The Gewurztraminer is planted on the bottom part of the west facing side of the Heimbourg. It enjoys a more protected situation from the winds, a much deeper/richer marl/calcareous soil allowing the noble rot to develop intensely in some vintages. Gewurztraminer is also a grape variety that has extremely thick skins; it therefore is more resistant to botrytis, which explains why we do produce more often SGN in the Pinot-Gris grape variety. In 2005, the intensity of the noble rot, and more importantly, the excellent weather forecast gave us the opportunity to select an SGN in this vineyard. Last time was in 1989! Since the acidity balance is perfect, we were very selective, knowing that the wine could handle a very high sugar concentration. The only drawback is that the production is microscopic: only 1000 half bottles were produced from 1 ha. The wine fermented very well for a wine of this richness and the final balance (12%+14%pot) is incredible.
1/2007: the nose shows an unbelievable delicacy: old roses, litchi, orange marmalade, candied fruits and great honeyed aromas. It is not overpowering but suggests some rich mouth to follow. The palate hides the sweetness very well behind a soft velvety structure, and, just like the nose, shows a full range of sweet fruits. The high acidity must help to balance this wine. It is delicious today, but has a life long potential.
Pinot-Gris Rotenberg 2005 Sélection de Grains Nobles
Bottling date : ?/?; Alcohol:° alc; Residual sweetness: g/l; Yields: 8 hl/ha; Optimum drinking period :2015-20??; Average age of vines : 24 years; Surface :1.2 ha; Terroir : Oligocen calcareous. West to Northwest facing. Strong slope.
Just like the Heimbourg vineyard, the Rotenberg enjoyed very similar climate conditions due to an almost identical topography. The crop was slightly smaller and therefore the richness of the SGN is even higher. This red calcareous soil is located on a very late ripening area, so the grapes always acquire a fantastic acidity balance. In great vintages, when the weather forecast is good (SGNs take a lot of time to harvest!), the harvesters doing the SGNs are told to be as severe as possible, in order to obtain a must as rich as possible. When the acidity is not high, we would keep 10 to 15% healthy grapes in order to give some freshness to the final wine. The 2005 is so rich, that it almost made it into a Trie Spéciale (above 200 Oechslés).
1/2007: this wine just stopped fermenting in its little ‘demi-muy’ (a 600 litres round cask). I still do not know the final balance, but I suspect that the finished alcohol level is below 8% and the RS must be well above 300g/l. The nose is still quite influenced by the recent fermentation, but already shows strong white fruits flavours (pears, ripe apples, peach…) and apricots. The acidity, quite sharp, manages to control the huge sweetness. Warning, this is a rich wine, but it has a wonderful delicate feel. It will be bottled in September 2007 and only more precise tasting notes can be made.
Pinot-Gris Clos Jebsal 2005 Sélection de Grains Nobles
Bottling date 2/2007; Alcohol: 7° alc; Residual sweetness: 306.5 g/l; Yields: 8 hl/ha; Optimum drinking period: 2015-20??+; Average age of the vines: 22 years; Surface: 1.3 ha; Terroir: Grey marls and gypsum. South facing, very steep slope.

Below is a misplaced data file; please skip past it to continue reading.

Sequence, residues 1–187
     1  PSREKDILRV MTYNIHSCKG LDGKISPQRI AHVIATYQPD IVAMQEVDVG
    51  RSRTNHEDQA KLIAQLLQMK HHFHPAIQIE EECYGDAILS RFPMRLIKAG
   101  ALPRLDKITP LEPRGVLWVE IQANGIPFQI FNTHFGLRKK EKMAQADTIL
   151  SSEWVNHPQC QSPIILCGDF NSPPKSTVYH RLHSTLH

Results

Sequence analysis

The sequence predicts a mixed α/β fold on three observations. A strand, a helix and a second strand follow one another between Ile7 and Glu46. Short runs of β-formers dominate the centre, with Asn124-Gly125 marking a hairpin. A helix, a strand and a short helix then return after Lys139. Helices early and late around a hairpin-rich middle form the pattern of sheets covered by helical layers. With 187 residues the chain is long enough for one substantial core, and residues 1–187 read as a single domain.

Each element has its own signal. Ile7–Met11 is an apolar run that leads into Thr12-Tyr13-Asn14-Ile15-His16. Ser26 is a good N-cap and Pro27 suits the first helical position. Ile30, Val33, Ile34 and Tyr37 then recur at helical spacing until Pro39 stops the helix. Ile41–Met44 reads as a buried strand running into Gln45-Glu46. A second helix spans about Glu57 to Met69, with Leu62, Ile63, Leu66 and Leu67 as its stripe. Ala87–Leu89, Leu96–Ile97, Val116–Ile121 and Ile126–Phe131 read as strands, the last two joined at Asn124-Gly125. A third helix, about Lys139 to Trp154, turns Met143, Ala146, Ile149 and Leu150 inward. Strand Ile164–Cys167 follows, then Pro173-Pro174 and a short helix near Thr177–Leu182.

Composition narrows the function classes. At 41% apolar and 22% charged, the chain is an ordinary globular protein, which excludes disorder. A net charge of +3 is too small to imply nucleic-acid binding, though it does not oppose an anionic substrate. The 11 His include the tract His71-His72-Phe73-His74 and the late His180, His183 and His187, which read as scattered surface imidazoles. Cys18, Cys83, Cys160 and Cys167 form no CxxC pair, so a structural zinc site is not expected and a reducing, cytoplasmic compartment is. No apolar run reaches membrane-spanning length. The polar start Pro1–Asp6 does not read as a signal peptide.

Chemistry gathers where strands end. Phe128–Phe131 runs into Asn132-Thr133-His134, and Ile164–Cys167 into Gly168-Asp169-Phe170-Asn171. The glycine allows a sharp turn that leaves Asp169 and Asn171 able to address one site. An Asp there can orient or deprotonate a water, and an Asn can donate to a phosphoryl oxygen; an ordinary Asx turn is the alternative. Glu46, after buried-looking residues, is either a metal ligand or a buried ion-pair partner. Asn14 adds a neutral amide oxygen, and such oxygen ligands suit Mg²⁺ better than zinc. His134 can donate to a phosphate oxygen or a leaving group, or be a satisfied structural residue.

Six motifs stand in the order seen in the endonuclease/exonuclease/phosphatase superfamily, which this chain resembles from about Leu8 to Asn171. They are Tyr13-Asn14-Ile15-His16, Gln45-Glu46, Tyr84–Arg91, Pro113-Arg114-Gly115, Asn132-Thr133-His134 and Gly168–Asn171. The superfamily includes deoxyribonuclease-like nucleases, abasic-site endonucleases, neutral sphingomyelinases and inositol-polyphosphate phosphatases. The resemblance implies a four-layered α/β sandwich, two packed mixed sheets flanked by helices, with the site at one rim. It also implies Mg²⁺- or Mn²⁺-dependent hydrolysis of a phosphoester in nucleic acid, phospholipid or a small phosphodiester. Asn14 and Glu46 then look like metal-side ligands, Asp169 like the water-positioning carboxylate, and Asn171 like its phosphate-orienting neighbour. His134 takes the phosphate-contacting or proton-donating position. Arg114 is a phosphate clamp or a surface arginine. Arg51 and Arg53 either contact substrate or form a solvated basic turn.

Little did we know when we planted this little Clos in 1983, that it would become such a classic and consistent SGN/VT vineyard? Certainly the micro climate (warm, wind protected and precocious) and the soil characteristics (rich marl/gypsum with good water reserves) create ideal conditions for the development of noble rot. The fact that the grapes ripen early, give us more opportunities to select the grapes and therefore, be less dependant on the weather. The rich soil also ensures great acidity balance. The selection was easy in this vineyard, as a high percentage of the clusters were botrytis affected. The result is a rich wine, that took 9 months to reach 7% alc, and that is a good result! This wine benefited from extra months of ‘elevage’ in its little ‘foudre’ (traditional oval cask) and will be bottled in February 2007.
1/2007: just a few weeks before bottling, this wine already shows beautiful fruity, honeyed, waxy, apricots flavours, but also a great vineyard minerality which is hard to imagine at this level of richness. All the ingredients (sweetness, acidity, alcohol) are now nicely integrated; the wine is clear, ready for bottling. Like any other SGN in 2005, it has a wonderful balance and delicacy. Endless ageing potential…
Pinot-Gris Clos Windsbuhl 2005 Sélection de Grains Nobles Trie Spéciale
Bottling date: /? Alcohol: ?° alc; Residual sweetness: ??? G/l; Yields: 8 hl/ha; Optimum drinking period: 2015-2???+; Average age of the vines: 28 years; Surface: 1 ha; Terroir: Muschelkalk calcareous, south to southeast facing. Medium slope.
This is our third Trie Spéciale produced at the Domaine (Clos Jebsal 1994 and 2002). It reached an amazing 218 Oechslés (about 33% potential alc). Like all its predecessors, this one is no exception to the rule: the fermentation will take years, as the huge acidity and sweetness is giving serious headaches to the poor yeasts trying to survive in this hostile environment. So far, even if the wine has been consistently active since the harvest, I suspect that there is only a few % alcohol at this stage and that it will barely reach 6-7% at the end. The Clos Windsbuhl is not a vineyard that produces regularly VT/SGNs as it is more dependant on the climatic conditions of the few days before the harvest than vineyards like Rotenberg/Heimbourg or Clos Jebsal. In 2005, all the conditions were united for a perfect and maximum development of noble rot.
1/2007: WIP: it is still hard to describe this wine as it feels like it was harvested yesterday! The nose is just an intense fruit cocktail, dominated by apples and a bracing acidity. I know that it isn’t possible to ‘smell’ acidity, but all the markers are here to make one’s brain think of it. The palate is still too dominated by the slow fermentation characters to distinguish any vineyard or other complex aromas. The richness is amazing, and I can’t wait to be able to see the ‘real’ wine coming out.
Léonard et Olivier HUMBRECHT, Propriétaires-Viticulteurs
4, route de Colmar – F 68230 TURKCHEIM